stutter (v.) 1560s, frequentative form of stutt, from M.E. stutten "to stutter, stammer" (late 14c.), cognate with M.L.G. stoten "to knock, strike against, collide," from P.Gmc. *staut- "push, thrust" (Cf. O.E. stotan, O.H.G. stozan, Goth. stautan "to push, thrust"), from PIE * (s)teu- (see STEEP (Cf. steep) (adj.)). The noun is attested from 1854.

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  • stutter — ► VERB 1) talk with continued involuntary repetition of sounds, especially initial consonants. 2) (of a machine or gun) produce a series of short, sharp sounds. ► NOUN ▪ a tendency to stutter while speaking. DERIVATIVES stutterer noun. ORIGIN… …   English terms dictionary

  • stutter — [stut′ər] vt., vi. [freq. of dial. stut, to stutter < ME stutten, akin to Ger stossen, to knock, push < IE * (s)teud : see STUDY] 1. STAMMER 2. to make (a series of repeated sounds) [stuttering machine guns] n. the act or an instance of… …   English World dictionary

  • Stutter — Stut ter, n. 1. The act of stuttering; a stammer. See {Stammer}, and {Stuttering}. [1913 Webster] 2. One who stutters; a stammerer. [Obs.] Bacon. [1913 Webster] …   The Collaborative International Dictionary of English

  • Stutter — Stut ter, v. t. & i. [imp. & p. p. {Stuttered}; p. pr. & vb. n. {Stuttering}.] [Freq. of stut, OE. stoten; probably of Dutch or Low German origin; cf. D. & LG. stotteren, G. stottern, D. stooten to push, to strike; akin to G. stossen, Icel.… …   The Collaborative International Dictionary of English

  • stutter — *stammer …   New Dictionary of Synonyms

  • stutter — [v] speak haltingly dribble, falter, hesitate, splutter, sputter, stammer, stumble; concept 77 Ant. continue …   New thesaurus

  • stutter — I UK [ˈstʌtə(r)] / US [ˈstʌtər] verb Word forms stutter : present tense I/you/we/they stutter he/she/it stutters present participle stuttering past tense stuttered past participle stuttered 1) [intransitive/transitive] to repeat the sounds of… …   English dictionary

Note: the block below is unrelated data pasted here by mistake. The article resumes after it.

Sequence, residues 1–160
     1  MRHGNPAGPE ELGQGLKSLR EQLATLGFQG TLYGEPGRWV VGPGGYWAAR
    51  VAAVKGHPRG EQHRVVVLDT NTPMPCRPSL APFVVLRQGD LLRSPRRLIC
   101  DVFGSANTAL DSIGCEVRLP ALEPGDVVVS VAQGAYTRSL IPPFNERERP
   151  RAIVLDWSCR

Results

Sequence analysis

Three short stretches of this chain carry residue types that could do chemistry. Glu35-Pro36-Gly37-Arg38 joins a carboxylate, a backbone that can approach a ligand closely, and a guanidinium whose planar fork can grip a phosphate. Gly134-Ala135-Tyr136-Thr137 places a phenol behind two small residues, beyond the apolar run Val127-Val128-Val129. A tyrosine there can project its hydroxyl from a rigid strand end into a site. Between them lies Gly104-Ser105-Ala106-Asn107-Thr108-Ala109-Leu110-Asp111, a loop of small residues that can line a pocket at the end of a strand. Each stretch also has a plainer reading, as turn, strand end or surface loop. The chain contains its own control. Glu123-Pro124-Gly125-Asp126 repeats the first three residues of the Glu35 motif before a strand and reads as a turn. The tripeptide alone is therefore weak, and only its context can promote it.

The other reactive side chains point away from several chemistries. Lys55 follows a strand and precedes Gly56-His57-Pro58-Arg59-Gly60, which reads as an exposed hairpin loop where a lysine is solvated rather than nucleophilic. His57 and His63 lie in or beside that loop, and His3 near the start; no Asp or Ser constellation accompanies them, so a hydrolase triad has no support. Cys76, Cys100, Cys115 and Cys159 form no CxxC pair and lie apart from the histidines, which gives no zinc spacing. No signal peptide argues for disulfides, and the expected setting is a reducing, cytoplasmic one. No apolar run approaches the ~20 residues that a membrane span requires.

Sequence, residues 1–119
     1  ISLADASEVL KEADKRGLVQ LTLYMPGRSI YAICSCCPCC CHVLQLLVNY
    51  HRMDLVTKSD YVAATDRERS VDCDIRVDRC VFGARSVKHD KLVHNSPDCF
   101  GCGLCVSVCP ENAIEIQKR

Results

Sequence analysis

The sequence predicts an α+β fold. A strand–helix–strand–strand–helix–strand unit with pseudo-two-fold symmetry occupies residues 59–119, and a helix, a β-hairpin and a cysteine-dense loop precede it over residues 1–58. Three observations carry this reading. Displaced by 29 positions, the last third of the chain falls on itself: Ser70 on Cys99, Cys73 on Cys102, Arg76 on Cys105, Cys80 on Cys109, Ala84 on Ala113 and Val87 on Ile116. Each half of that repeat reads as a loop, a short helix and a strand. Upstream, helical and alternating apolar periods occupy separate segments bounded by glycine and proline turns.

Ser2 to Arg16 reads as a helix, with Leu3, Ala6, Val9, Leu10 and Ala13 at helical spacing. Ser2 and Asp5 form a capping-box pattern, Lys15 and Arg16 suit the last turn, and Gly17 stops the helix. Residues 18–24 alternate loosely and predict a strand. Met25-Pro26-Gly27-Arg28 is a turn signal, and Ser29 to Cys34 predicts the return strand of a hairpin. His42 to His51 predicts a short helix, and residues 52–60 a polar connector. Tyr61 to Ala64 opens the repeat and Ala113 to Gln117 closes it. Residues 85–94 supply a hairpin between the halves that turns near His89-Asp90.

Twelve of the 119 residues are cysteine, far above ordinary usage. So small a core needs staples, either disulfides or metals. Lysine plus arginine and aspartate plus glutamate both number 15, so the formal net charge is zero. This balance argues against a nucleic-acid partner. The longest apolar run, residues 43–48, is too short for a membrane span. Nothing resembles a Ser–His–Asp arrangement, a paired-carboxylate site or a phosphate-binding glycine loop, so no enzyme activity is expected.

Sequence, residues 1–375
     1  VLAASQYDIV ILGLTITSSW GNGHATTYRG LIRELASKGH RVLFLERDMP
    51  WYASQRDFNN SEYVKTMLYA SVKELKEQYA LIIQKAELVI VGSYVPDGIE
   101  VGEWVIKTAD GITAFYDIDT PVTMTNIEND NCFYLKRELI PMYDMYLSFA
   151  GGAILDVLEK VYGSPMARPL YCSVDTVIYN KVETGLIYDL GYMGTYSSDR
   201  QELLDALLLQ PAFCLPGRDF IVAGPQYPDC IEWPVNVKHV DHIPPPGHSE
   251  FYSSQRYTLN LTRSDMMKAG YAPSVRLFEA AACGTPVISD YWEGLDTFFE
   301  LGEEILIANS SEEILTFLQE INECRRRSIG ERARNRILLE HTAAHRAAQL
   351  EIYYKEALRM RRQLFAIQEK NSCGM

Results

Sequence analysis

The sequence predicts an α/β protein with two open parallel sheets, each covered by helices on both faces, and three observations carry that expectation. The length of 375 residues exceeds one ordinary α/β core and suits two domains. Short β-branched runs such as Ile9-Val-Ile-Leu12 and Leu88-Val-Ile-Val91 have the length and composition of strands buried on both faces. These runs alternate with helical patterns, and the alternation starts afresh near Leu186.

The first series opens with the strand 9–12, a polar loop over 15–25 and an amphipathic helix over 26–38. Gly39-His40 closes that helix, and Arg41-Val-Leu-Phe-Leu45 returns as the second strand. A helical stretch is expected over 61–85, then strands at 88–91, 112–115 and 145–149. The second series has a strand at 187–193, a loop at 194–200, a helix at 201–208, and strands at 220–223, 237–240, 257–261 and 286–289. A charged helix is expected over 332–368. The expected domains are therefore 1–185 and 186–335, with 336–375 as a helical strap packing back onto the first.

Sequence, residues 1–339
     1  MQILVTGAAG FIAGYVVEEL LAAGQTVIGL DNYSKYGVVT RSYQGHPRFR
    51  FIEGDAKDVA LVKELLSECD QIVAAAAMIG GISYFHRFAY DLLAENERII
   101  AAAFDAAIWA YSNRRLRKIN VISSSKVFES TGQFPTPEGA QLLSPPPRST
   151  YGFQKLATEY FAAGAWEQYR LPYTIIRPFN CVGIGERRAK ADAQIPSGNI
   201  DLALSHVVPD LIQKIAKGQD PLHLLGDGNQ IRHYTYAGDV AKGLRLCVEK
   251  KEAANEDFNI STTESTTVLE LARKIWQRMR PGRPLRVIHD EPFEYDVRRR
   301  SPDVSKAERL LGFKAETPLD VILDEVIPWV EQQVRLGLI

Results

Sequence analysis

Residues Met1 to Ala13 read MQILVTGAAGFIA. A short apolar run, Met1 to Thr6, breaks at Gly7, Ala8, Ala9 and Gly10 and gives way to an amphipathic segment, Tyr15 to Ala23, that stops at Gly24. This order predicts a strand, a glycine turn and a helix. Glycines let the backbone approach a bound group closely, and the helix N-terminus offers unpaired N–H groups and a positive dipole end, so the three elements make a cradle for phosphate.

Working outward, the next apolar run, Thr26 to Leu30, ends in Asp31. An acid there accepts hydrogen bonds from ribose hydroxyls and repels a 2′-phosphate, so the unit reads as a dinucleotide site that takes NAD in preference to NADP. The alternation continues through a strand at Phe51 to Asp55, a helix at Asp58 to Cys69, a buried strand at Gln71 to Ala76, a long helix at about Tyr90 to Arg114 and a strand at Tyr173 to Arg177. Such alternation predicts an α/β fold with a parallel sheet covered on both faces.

• stutter — stut|ter1 [ˈstʌtə US ər] v [Date: 1500 1600; Origin: stut to stutter (14 19 centuries)] 1.) [I and T] to speak with difficulty because you cannot stop yourself from repeating the first ↑consonant of some words →↑stammer ▪ I m D d david, he… …   Dictionary of contemporary English

  • stutter — stut|ter1 [ stʌtər ] verb 1. ) intransitive or transitive to repeat the sounds of words in an uncontrolled way when you speak because you are nervous or have a speech problem: Richard stuttered a reply and sat down, his face red. 2. )… …   Usage of the words and phrases in modern English

  • stutter — I. verb Etymology: frequentative of English dialect stut to stutter, from Middle English stutten; akin to Dutch stotteren to stutter, Gothic stautan to strike more at contusion Date: 1566 intransitive verb 1. to speak with involuntary disruption… …   New Collegiate Dictionary

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